It may be a bit early to start previewing free agency, but with the Braves lackluster play as of late, it is hard not to start focusing on next season. Matt Adams is a very likely trade candidate, and Matt Kemp’s absence truly shows had badly the Braves need protection in the lineup behind Freddie Freeman. Realistically the Braves need another impact bat to add to the equation if they want to start competing again anytime soon.
Ever since Chipper Jones retired at the end of the 2012 season, third base has been a revolving door for the Braves. It all started with the regrettable extension Frank Wren gave Chris Johnson after the 2013 season. In 2015, the Braves traded Johnson midseason and fans got to watch Juan Uribe for a month and a 30-year old Adonis Garcia emerge as a rookie. The Braves tried to lock down the hot corner at an affordable rate when trading for Hector Olivera at the trade deadline. Braves fans know how this trade resulted and it is truly Coppy’s sole blemish on his resume thus far.
Garcia served as the primary third baseman for the majority of the 2016 season, but has missed most of this year’s campaign due to injury. The hot corner situation has been an absolute rollercoaster in 2017. It even got to the point where Freddie Freeman was playing the hot corner against righties so the Braves could get Matt Adams’ bat in the lineup. While Freddie actually played a decent third base, this was clearly a temporary fix. However, Johan Camargo broke onto the scene, and while he started all over the diamond, he appeared most at third. This made the team comfortable with trading away offseason acquisition Sean Rodriguez after just a handful of contests upon returning from injuries sustained in a terrible offseason car crash. The team promoted top second base prospect Ozzie Albies, shifting Brandon Phillips to third base and Camargo to shortstop. Unfortunately, Camargo went down with injury shortly after, and is still sidelined.
While the Braves have been able to extract production out of their makeshift third base situation, the reality is that Brandon Phillips is not a third baseman, nor a long term solution for the team. His contract is up at the end of the season.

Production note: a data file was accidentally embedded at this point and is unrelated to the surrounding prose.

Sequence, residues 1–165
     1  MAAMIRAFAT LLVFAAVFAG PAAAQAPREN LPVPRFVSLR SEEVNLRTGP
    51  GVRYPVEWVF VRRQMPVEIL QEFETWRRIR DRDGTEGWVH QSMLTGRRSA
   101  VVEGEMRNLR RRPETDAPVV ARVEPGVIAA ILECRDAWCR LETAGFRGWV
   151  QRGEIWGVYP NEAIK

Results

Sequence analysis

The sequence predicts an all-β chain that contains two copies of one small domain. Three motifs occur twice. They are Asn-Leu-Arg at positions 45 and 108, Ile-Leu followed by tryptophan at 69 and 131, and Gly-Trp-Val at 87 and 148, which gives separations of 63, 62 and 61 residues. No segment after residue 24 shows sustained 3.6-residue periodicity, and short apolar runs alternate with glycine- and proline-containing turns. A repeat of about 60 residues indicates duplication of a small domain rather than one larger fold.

Advanced statistics show that Johan Camargo is also due for some regression. This is not to call Camargo a fluke, but he profiles as a potential super utility guy that could really help the team as it grows. If he sticks as a starter, he looks more natural at shortstop and his contact bat profiles better as a middle infielder.
The Braves have lacked stability at third for way too long. This offseason could be when the team pulls the trigger on a free agent bat. If this is the case, it should be Mike Moustakas. The Royals third baseman is on the verge of beating the franchise’s single season home run record. He has had a terrific breakout season, and to date is hitting .282 with 35 homers and 76 RBI. What is really crazy about the type of production he has put up this year, however, is how well he has hit despite encountering some bad luck this season at the plate. This season Moustakas has only hit .241 on balls hit into play, which makes ranks him 141st out of 157 batters with enough at bats to qualify. This sees to suggest that we could see him hit more a much higher average in the future to go along with his increase in power.
Moustakas would offer the perfect protection in the middle of the lineup. Imagine this lineup next season:
Assuming the Braves get production out of their young players in the lineup, this could be a fierce lineup that would feature two additional impact bats. This move also allows the team to comfortably move Matt Adams. Adonis Garcia is under team control until 2022 and can back up left and third base, with Johan Camargo serving as a super utility player.
While the Braves do have a handful of third base prospects, Rio Ruiz does not appear to be a franchise guy, and Austin Riley could easily transition to a corner outfielder and be groomed to become Matt Kemp’s replacement at the end of his contract.
Of course, there is an argument not to sign Moustakas. The Royals will likely extend him a qualifying offer, which would result in the Braves losing a high draft pick if they opt to sign him. If the team does not feel as if it is time to spend and wants to wait for its window to further near, they could decide to make a run at Manny Machado instead in 2019 and keep stocking the farm.
So what would be a fair contract for Moustakas? He should receive a deal in the neighborhood of the 4-year/$64 million deal Justin Turner got from the Dodgers this offseason. That equates out to $16 million annually. With all the schematic moves Coppy has made to save money in past weeks, it makes one wonder whether he intends to start spending this offseason. This would be a reasonable rate for a franchise third baseman who could bring so much to the lineup.
Moustakas is worth a hard look for Atlanta.